IDH1/2 mutations are common in young adults with supratentorial diffuse gliomas or secondary glioblastoma. IDH1/2 mutations are acquired early in gliomagenesis, and are followed by acquisition of TP53 mutations or 1p/19q loss—molecular alterations that confer either an astrocytic or an oligodendroglial phenotype, respectively. Recently, Jiao et al showed that ATRX mutations are common and cluster with TP53 mutations in astrocytomas, and that 1p/19q loss clusters with mutations involving CIC in oligodendroglioma. Interestingly, in their series, the majority of mixed astrocytomas had an astrocytic genetic signature (ATRX/TP53 mutations without 1p/19q loss or CIC mutations), evidence against a true “mixed” tumor phenotype. The presence of IDH1/2 mutations confers a significant favorable prognosis in high-grade gliomas (WHO III and IV), and predicts longer progression-free survival irrespective of histology, treatment, and 1p/19q status. The prognostic value of IDH1/2 mutations in low-grade gliomas remains to be defined.[6, 7] Importantly, it has been shown that the IDH mutation status of a tumor is a stronger prognostic value than the WHO grade.[8, 9] There is no compelling evidence to support a predictive role for IDH mutations in diffuse gliomas. Moreover, a subgroup of IDH1-mutated diffuse gliomas (across all WHO grades) have a dismal prognosis. This tumor subcategory lacks ATRX mutations and/or 1p/19q loss. The underlying explanation for the decreased survival in this IDH-mutant subgroup is unknown and remains to be determined. This information has important implications for patient counseling and clinical management. Pertinent questions are: how can we predict which IDH-mutated tumor will behave better and which will not, and how might this information be incorporated into a molecular therapeutic decision–making scheme?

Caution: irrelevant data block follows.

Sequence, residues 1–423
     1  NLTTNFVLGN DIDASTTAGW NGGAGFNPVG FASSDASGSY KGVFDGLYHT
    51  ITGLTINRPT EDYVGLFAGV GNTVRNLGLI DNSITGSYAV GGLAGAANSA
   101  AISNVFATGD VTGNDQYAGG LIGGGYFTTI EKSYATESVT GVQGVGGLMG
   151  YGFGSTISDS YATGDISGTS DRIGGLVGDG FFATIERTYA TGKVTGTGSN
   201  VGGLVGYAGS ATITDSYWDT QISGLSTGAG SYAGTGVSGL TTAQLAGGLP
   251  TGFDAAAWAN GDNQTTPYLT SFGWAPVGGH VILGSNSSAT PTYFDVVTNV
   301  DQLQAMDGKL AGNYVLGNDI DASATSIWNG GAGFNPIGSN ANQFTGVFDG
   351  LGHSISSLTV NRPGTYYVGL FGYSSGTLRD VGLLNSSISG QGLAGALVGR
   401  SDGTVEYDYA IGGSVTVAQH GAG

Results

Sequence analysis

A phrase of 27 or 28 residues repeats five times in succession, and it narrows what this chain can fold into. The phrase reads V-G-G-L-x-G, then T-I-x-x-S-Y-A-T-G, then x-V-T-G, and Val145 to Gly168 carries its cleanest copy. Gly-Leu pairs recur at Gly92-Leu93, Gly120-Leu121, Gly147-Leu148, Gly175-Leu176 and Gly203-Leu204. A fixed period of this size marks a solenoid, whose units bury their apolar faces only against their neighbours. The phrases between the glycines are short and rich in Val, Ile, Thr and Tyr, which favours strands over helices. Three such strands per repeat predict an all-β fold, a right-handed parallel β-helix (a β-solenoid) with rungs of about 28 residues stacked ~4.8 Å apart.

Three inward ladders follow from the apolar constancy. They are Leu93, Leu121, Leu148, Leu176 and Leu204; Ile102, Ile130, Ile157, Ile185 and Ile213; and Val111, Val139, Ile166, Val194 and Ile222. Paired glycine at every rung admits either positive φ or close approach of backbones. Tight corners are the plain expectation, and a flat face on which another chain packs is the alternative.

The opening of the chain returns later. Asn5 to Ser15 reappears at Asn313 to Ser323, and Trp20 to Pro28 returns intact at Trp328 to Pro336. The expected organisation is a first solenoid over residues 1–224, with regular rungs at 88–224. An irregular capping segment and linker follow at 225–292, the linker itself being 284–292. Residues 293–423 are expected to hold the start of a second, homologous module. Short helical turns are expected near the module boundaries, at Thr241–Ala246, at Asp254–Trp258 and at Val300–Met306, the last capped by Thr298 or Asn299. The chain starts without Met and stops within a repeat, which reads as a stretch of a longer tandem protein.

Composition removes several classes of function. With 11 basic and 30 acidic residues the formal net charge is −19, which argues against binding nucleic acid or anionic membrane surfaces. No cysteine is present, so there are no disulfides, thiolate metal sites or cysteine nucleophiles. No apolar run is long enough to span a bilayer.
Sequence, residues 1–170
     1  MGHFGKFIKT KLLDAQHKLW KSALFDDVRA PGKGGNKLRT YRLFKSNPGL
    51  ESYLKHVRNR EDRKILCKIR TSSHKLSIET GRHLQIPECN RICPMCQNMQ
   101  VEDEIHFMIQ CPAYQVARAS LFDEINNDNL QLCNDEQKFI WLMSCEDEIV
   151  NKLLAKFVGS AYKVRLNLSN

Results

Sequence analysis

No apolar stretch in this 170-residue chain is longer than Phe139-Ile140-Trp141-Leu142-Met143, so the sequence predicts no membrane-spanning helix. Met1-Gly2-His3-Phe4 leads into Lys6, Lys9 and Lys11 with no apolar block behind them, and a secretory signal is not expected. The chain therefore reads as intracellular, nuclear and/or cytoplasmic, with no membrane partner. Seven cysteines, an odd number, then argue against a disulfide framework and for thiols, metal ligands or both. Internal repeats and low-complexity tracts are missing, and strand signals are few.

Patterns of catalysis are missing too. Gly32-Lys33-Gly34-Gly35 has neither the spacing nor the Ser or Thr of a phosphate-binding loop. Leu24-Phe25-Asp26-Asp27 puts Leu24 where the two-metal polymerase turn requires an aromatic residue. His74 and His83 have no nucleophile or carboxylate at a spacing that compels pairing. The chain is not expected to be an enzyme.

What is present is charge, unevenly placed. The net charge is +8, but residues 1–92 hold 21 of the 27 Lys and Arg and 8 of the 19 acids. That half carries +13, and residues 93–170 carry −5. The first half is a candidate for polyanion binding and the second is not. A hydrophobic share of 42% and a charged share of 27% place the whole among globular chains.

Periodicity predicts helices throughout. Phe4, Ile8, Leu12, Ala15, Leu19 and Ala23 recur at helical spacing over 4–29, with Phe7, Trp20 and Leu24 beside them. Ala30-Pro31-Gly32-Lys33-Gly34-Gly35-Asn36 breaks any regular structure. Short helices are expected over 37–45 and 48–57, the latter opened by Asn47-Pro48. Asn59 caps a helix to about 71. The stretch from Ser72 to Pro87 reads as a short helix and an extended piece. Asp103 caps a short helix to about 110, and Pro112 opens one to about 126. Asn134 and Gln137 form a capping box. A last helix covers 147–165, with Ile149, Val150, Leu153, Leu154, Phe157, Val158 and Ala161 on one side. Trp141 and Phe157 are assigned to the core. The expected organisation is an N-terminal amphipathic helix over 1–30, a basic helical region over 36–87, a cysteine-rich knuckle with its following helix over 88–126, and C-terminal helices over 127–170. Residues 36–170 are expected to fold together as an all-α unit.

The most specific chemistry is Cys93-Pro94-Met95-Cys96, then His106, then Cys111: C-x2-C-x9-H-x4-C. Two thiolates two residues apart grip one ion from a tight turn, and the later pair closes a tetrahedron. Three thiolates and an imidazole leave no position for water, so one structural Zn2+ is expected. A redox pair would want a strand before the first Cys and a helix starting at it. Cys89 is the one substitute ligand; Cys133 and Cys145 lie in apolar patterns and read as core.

The IDH1/2 mutation frequency in diffuse gliomas in nonsupratentorial locations (cerebellum, brainstem, spinal cord) and the prognostic features of these tumors remain to be defined.
Combined loss of heterozygosity on 1p and 19q is considered the molecular signature of oligodendroglioma, and is associated with classic tumor morphology and mutations involving CIC.[4,11] Combined 1p/19q loss is a strong prognostic and predictive marker.[12-14]